The family of a woman who died last month from COVID-19 has filed a lawsuit against the nursing home where she lived, which has had one of the largest and deadliest outbreaks of the virus in Illinois.
The lawsuit alleges that negligence at Bria of Geneva led to the death of Helen Osucha, 97, who died April 26 after she became “gravely ill” as the coronavirus spread through the nursing home about 40 miles west of Chicago. Osucha was not isolated from other residents or tested for the coronavirus and her family was not informed that she was ill, according to the lawsuit.
Kane County Coroner Rob Russell confirmed that Osucha had died from the virus and said that she was tested by the nursing home before she died. The wrongful death lawsuit was filed Monday in Kane County Circuit Court by Osucha’s daughter, Pamela Colwell, and names Bria Health Services, which operates nine Illinois facilities in the Chicago suburbs and near St. Louis.
“They didn’t do anything to protect their residents. When they knew of a pending problem they didn’t follow even the Illinois Department of Public Health’s suggestions,” said attorney Peter Flowers, who is representing the family. “Our contention is that they were grossly negligent in how they took care of their patients. That is why so many of their patients have died.”
A ProPublica Illinois story last week revealed that Bria of Geneva was nearly unparalleled among Illinois nursing homes in the scale of its coronavirus outbreak. More than two-thirds of the 91 residents and more than three dozen of the 120 workers were infected with the virus. At least 25 residents, or more than one-quarter of them, have died from COVID-19, the most recent on Friday, according to the county coroner.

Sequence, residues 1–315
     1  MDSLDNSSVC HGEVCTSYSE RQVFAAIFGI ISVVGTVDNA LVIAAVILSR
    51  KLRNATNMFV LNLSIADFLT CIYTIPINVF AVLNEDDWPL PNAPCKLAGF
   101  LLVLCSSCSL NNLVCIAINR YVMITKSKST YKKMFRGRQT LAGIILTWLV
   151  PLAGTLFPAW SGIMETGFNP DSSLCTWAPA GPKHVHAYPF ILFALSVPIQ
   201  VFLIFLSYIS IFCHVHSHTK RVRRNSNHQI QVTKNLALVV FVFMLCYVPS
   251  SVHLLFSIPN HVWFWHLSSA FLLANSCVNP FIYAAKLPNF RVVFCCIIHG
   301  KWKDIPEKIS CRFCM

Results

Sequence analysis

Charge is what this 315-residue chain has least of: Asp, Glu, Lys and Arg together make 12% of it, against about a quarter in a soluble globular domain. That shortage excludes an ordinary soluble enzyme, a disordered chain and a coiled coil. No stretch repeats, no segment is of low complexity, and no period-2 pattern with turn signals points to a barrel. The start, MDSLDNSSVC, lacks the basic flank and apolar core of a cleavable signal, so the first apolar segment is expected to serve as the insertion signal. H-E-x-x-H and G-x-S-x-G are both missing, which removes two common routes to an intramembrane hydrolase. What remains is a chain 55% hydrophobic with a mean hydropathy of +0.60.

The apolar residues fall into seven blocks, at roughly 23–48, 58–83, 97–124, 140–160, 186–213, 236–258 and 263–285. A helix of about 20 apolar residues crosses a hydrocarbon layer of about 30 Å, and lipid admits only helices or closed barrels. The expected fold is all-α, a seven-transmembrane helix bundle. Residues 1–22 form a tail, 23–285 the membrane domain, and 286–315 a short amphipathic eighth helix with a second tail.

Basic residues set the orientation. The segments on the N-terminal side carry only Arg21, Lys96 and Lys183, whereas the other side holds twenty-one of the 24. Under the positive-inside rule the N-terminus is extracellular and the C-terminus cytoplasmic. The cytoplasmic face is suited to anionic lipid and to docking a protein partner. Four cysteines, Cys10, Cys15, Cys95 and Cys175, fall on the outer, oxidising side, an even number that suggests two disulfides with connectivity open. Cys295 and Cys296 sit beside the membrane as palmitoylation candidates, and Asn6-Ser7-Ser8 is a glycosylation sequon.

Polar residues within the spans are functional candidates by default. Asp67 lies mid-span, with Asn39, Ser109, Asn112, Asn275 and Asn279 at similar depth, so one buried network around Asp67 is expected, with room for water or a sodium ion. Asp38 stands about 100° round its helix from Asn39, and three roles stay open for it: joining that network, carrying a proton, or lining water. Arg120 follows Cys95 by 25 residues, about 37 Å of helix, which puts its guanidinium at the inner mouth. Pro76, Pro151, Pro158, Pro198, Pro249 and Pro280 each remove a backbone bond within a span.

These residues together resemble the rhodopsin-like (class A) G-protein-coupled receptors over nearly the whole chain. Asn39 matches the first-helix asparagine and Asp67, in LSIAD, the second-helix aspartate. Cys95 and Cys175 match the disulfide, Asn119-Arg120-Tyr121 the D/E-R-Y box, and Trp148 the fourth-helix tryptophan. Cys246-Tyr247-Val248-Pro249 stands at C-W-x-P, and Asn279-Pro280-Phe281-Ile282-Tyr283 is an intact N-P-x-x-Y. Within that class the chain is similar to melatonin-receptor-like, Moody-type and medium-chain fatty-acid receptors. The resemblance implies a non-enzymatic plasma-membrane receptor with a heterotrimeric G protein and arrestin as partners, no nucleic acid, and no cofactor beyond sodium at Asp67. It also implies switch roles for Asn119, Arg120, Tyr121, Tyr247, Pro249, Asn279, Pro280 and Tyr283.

As of Monday, 50 residents and 33 staff members have either recovered from the virus or are asymptomatic after testing positive, according to the nursing home.
According to figures released Friday by Illinois public health officials, at least 1,975 residents of Illinois nursing homes or other long-term care facilities have died from the virus — roughly half of all COVID-19 deaths in the state. The disproportionate toll on the elderly is most pronounced outside Cook County. In these areas, long-term care centers account for two-thirds of all deaths, according to a ProPublica Illinois analysis of data from the state Department of Public Health.
Nursing homes have been hit particularly hard because of delays in obtaining tests for the coronavirus and because Illinois public health officials initially didn’t recommend testing all residents and staff when homes detected a single positive case.
That was the case at Bria of Geneva, which didn’t begin conducting widespread testing until April 23, six days after the first resident tested positive after being admitted to the hospital. The nursing home’s medical director used connections in the medical profession to get tests. But the lawsuit alleges that problems began earlier, claiming Bria of Geneva did not take measures that could have limited the outbreak.
The lawsuit alleges that the facility failed to follow guidance from federal and state public health officials to regularly screen residents and staff and ensure adequate supplies of personal protective equipment. The nursing home also didn’t isolate residents with symptoms or enforce social distancing, the lawsuit claims.
“Bria-Geneva chose not to undertake reasonable measures to ensure its employees and staff complied with the COVID-19 preventative directives,” the lawsuit alleges. By not taking those measures, the nursing home left “its vulnerable residents defenseless against the community spread of the virus.”
A Bria Health Services spokeswoman, responding to the lawsuit, said the nursing home partnered with departments of public health and followed their evolving guidance as more information about the coronavirus became known.